So, I was on Apple’s home page the other day and noticed some jank in their main carousel animation. It wasn’t anything huge, but the animation seemed to stagger a bit as the transitions were beginning and ending. There are five transitions that occur to display different Apple products. You can see this in the Frame analysis below. Each green line shooting to 0 FPS is a paint within chrome.
Digging deeper, we can see that a large amount of time is being taken for the hardware compositing. This is where we force elements to be accelerated and
handled by the GPU with translate3D(0,0,0) or translateZ(0) (aka null transform hack).
The problem with Apple’s site and the reason why paints are spiking before each animation is because too many layers (or divs) have the null transform applied.
I wrote about this a while ago, but the basic point is that too much of a good thing is often a bad thing. In this case, too many elements have translateZ(0) applied when only one or two applications are really needed. This is forcing a longer composite time and ultimately giving the animations some jank.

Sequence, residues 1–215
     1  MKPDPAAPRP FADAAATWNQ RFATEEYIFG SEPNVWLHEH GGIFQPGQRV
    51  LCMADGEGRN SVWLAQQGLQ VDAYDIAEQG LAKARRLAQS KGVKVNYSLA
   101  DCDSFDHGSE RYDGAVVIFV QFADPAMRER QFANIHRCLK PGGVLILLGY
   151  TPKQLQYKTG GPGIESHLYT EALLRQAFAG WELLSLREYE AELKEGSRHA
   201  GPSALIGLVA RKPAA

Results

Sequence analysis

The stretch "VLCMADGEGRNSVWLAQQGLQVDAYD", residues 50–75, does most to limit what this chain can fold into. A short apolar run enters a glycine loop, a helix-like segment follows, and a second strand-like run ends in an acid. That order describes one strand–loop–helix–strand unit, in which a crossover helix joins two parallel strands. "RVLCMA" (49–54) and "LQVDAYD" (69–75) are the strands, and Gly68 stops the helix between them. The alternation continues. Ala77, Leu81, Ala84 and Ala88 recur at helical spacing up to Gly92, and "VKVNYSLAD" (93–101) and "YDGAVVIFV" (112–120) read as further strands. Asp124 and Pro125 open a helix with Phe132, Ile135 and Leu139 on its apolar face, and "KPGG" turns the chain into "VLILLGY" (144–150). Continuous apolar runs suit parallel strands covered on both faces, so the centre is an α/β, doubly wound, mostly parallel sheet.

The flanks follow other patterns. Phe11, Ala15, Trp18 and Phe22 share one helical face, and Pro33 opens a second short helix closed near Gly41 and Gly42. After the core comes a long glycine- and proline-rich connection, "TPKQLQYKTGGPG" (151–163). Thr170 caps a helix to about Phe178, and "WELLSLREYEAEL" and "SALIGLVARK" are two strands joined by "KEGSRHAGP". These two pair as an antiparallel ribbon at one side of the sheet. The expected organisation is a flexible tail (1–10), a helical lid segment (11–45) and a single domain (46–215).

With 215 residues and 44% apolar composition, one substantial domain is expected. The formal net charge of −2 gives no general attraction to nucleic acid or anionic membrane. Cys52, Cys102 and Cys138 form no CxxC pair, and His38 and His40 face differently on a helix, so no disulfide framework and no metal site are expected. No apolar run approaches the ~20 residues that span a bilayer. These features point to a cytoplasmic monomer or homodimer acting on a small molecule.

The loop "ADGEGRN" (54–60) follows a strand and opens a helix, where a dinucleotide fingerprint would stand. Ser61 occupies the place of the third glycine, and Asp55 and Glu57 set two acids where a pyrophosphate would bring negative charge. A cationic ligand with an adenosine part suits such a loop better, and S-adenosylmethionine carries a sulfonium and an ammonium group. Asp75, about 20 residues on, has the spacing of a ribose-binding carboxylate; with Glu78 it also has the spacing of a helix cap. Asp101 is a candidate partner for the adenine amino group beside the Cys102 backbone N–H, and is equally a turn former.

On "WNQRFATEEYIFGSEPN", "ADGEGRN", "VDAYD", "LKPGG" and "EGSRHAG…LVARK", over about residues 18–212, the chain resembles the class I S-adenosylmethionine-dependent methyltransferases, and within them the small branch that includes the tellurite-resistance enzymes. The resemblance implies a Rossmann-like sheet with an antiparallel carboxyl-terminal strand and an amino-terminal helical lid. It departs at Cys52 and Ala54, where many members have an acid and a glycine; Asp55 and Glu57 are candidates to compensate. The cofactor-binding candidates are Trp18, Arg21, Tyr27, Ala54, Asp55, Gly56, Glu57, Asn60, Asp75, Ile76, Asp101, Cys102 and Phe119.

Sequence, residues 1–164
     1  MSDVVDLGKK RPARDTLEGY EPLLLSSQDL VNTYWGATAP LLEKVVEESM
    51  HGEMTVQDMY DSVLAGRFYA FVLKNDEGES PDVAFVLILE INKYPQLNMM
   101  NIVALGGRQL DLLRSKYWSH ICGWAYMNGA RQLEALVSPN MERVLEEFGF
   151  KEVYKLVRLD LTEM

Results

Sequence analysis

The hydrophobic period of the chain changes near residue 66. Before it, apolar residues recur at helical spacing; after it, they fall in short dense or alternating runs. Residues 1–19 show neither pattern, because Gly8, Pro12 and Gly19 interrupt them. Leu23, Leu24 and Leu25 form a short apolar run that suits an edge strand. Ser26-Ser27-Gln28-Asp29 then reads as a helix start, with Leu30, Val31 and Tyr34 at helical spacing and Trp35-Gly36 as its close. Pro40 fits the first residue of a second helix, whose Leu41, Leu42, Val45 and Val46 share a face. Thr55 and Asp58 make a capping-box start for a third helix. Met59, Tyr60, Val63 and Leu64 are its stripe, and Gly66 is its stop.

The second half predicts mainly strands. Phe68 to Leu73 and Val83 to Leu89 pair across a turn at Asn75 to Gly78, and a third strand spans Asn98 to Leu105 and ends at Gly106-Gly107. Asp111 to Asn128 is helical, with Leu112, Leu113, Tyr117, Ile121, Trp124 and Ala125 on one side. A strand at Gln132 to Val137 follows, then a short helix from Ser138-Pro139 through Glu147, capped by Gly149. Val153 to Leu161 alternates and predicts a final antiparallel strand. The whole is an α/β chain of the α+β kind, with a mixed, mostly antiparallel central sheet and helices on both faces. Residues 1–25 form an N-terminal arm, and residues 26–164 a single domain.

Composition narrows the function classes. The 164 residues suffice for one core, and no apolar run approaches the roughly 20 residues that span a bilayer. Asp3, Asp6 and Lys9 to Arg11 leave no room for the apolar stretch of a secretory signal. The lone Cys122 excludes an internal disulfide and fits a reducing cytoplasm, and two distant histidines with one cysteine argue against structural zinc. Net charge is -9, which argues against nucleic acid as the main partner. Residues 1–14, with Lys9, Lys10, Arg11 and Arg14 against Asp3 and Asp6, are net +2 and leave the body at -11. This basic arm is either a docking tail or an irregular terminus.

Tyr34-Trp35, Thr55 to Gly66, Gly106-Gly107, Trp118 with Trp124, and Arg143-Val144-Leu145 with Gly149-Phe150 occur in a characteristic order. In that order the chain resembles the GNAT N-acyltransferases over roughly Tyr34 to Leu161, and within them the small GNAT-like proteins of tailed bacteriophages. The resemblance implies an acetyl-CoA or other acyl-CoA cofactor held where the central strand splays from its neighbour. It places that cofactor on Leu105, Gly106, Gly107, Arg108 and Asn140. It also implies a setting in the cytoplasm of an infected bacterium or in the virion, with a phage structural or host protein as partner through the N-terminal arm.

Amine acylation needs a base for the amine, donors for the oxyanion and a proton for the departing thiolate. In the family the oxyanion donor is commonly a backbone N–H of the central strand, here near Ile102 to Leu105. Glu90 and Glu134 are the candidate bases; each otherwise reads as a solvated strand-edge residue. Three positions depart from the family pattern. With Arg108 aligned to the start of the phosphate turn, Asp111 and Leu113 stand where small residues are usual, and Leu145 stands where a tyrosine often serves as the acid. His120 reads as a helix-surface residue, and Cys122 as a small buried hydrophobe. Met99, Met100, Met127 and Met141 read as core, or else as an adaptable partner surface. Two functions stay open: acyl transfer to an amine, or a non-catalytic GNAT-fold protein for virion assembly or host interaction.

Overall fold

The fix is easy. Start with the top level container for the animation and see which of the child elements have a null transform and figure out if they really need it. If we turn on “Continuous Page Repainting” in dev tools, we can see how the page is being painted and how many composited layers we have.
By viewing the source and running through each element of the carousel animation, we can see that the parent already has the proper layer compositing. From there, I just disabled all the null transform hacks that were applied to nested elements.
The yellow bars are the 7 second timer before each transition occurs, so this is expected.
The animation on Apple.com isn’t terrible as it stands in its current state, but as I stated at the beginning of this article, it’s fun to fix jank :)